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    Remember that MR doesn't actually think about anything. His only visible skill is cut-and-paste.
     
  23. C C Consular Corps - "the backbone of diplomacy" Valued Senior Member

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    EXCERPTS: We consider a handful of well-documented encounters, including the 2004 encounters with the Nimitz Carrier Group off the coast of California [...] The observed flight characteristics of these craft are consistent with the flight characteristics required for interstellar travel, i.e., if these observed accelerations were sustainable in space, then these craft could easily reach relativistic speeds within a matter of minutes to hours and cover interstellar distances in a matter of days to weeks, proper time.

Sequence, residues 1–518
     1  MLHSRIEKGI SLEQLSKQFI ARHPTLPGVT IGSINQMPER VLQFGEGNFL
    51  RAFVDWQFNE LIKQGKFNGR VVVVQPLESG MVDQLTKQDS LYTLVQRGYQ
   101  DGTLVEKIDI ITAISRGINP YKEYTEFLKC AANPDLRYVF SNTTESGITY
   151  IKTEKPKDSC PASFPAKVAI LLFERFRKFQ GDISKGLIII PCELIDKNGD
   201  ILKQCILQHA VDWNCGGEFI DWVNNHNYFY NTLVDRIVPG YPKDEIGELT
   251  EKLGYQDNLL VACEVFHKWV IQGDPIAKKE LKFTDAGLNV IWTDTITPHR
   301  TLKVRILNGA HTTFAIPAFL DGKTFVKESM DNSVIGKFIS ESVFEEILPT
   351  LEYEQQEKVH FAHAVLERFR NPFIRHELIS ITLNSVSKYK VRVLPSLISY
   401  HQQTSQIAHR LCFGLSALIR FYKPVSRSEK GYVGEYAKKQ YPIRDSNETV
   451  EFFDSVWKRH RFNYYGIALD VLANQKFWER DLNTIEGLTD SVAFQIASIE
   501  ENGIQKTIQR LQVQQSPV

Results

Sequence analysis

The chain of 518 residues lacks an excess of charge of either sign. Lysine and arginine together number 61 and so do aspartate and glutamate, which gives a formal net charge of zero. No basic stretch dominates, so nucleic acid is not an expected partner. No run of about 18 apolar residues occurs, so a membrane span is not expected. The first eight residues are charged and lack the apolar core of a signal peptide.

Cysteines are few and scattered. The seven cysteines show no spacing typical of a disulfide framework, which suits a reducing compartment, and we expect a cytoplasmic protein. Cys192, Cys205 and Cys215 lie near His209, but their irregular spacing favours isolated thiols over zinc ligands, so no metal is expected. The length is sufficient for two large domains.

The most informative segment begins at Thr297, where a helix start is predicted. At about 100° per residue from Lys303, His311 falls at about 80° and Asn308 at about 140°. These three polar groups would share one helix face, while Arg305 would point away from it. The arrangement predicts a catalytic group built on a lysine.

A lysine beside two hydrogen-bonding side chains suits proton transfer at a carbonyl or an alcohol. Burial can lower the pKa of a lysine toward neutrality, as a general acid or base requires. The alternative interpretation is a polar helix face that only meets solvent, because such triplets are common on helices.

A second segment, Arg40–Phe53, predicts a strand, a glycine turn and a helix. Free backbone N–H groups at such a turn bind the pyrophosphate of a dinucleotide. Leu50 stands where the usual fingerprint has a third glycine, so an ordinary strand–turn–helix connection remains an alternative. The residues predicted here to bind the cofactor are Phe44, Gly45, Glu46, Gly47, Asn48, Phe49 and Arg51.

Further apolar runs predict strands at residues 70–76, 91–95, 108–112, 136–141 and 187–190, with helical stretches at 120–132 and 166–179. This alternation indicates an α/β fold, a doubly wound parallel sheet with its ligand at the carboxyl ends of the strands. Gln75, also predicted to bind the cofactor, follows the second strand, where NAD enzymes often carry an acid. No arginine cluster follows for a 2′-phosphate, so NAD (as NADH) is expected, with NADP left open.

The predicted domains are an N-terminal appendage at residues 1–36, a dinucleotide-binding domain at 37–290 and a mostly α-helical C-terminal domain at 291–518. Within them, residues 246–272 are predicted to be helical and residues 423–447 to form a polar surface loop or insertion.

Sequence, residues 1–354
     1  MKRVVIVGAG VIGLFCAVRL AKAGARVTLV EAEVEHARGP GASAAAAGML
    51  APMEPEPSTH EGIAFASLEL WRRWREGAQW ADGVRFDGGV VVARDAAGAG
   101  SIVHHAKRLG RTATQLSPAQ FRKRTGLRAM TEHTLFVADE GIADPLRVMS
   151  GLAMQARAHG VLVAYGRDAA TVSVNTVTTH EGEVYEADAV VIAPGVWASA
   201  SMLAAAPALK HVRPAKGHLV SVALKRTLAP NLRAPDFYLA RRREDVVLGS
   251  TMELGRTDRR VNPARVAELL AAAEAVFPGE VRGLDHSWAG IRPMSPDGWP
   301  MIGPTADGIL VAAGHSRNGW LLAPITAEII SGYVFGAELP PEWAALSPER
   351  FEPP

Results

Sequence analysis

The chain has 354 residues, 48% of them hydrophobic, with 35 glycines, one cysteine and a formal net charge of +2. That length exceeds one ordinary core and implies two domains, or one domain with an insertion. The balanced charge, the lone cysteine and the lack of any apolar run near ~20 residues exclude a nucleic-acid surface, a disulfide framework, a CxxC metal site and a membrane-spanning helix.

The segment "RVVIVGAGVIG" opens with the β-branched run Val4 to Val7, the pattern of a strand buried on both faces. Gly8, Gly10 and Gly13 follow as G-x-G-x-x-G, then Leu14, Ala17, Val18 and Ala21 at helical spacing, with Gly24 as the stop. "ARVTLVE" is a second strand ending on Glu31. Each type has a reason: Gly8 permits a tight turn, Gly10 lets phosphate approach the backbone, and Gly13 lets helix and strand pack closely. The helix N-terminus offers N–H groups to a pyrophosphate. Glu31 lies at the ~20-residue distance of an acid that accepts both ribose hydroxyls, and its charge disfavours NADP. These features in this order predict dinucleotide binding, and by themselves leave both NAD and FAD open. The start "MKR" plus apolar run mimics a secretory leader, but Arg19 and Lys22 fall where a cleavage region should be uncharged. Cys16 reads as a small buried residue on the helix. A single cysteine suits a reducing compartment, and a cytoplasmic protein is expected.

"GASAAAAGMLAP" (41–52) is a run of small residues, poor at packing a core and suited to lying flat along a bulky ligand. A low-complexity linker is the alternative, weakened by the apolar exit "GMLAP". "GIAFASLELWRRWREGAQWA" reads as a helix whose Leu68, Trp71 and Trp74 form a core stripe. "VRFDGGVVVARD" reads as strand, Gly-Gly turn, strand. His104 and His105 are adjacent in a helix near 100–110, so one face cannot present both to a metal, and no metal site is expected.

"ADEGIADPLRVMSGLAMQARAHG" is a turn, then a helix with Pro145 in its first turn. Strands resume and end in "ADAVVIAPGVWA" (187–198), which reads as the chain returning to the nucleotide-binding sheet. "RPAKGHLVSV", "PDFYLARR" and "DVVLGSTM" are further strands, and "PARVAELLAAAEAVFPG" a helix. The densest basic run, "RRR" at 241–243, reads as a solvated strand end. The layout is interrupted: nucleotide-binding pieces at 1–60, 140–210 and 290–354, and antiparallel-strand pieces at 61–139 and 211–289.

[...] While the Extraterrestrial Hypothesis can be neither verified nor ruled out at this time, it is useful to consider whether the characteristics of these UAVs tend to support or rule out the Extraterrestrial Hypothesis. Given the estimated accelerations of these UAVs, it is useful to consider the time it would take them to travel interstellar distances

    With the recent conferences downplaying these earlier interpretations, a 2019 paper is the place to go for nostalgia. It sounds familiar, though, like one that appeared in a SarahEllard thread, or something, in the past.

    EDIT: Yah, it is that one: https://www.sciforums.com/threads/p...t-to-sea-level-in-0-79-sec-50-000-mph.165997/
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    Last edited: Sep 21, 2023